Diabetics also seem to have an increased chance of having ongoing periodontal disease that ultimately destroys alveolar bone and loosens teeth. In one study done over a two-year period of time, there was a four times increase in progressive bone loss around the teeth in adults with type 2 diabetes compared to non-diabetics.
Just as is seen in gingivitis, the chances of having periodontitis may be increased in those diabetic patients who have poor control over their diabetes when compared to diabetics who had good control over their diabetes. This means that there is something about having increased glucose levels that contributes to getting periodontitis.
A very large study involving thousands of people (The Third National Health and Nutrition Examination Survey), it was found that adults who did not have their diabetes in good control had three times the incidence of periodontitis when compared to people who didn’t have diabetes. Those subjects who had diabetes but had good control over their diabetes had normal rates of periodontitis.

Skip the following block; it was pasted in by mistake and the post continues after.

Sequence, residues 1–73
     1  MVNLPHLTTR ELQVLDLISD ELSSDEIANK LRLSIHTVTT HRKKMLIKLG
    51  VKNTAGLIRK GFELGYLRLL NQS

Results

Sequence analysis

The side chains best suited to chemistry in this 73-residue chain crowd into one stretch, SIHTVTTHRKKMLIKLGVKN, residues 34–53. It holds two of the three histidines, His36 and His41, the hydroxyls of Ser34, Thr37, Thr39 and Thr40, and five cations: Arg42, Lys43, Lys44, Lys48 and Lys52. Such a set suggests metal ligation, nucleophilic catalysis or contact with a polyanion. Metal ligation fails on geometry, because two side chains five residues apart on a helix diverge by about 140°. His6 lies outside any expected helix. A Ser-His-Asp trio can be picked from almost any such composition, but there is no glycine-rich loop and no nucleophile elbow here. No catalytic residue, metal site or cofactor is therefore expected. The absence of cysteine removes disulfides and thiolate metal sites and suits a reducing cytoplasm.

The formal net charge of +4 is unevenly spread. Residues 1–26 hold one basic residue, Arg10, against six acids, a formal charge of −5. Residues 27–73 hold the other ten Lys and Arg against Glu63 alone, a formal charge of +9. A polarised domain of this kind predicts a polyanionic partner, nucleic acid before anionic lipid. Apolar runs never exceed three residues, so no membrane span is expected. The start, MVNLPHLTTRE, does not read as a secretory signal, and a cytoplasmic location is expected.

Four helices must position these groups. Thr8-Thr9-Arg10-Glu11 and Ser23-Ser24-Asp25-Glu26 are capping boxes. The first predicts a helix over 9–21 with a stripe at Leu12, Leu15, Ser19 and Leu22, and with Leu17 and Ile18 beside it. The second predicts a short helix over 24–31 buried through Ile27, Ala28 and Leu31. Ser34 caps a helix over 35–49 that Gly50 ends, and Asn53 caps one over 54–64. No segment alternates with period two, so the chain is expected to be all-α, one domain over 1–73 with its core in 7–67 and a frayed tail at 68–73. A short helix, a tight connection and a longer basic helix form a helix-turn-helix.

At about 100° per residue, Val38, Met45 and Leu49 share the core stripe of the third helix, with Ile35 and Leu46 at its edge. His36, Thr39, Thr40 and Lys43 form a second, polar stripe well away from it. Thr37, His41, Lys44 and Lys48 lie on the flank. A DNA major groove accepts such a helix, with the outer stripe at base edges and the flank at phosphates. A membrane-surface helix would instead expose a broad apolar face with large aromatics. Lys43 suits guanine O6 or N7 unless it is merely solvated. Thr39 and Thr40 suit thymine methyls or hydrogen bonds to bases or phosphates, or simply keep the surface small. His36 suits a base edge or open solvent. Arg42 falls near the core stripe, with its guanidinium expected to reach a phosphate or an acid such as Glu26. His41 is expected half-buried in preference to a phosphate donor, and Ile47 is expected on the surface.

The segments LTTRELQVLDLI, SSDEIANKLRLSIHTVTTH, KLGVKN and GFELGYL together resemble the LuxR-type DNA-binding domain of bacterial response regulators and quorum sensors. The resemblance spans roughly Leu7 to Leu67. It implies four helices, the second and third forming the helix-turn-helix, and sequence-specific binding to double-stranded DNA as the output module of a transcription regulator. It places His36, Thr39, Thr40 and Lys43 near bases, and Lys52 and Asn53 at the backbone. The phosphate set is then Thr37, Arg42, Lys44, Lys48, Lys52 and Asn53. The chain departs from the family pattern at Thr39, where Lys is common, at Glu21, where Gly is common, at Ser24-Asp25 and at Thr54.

The Take Away Message
As it seems that diabetics have an increased chance of having both gingivitis and periodontitis, it is a good idea to have your blood sugar levels in the best possible control and to have regular dental visits at least every six months in order to have the plaque removed and the teeth inspected for the presence of loosening of the teeth, loss of bone around the teeth, and evidence for increased inflammation of the gingival tissue.
- Periodontal Disease and Diabetes. http://www.ada.org/~/media/ADA/Member%20Center/FIles/Perio_diabetes.pdf?la=en
- Diabetes and Periodontal Disease. https://www.perio.org/consumer/diabetes.htm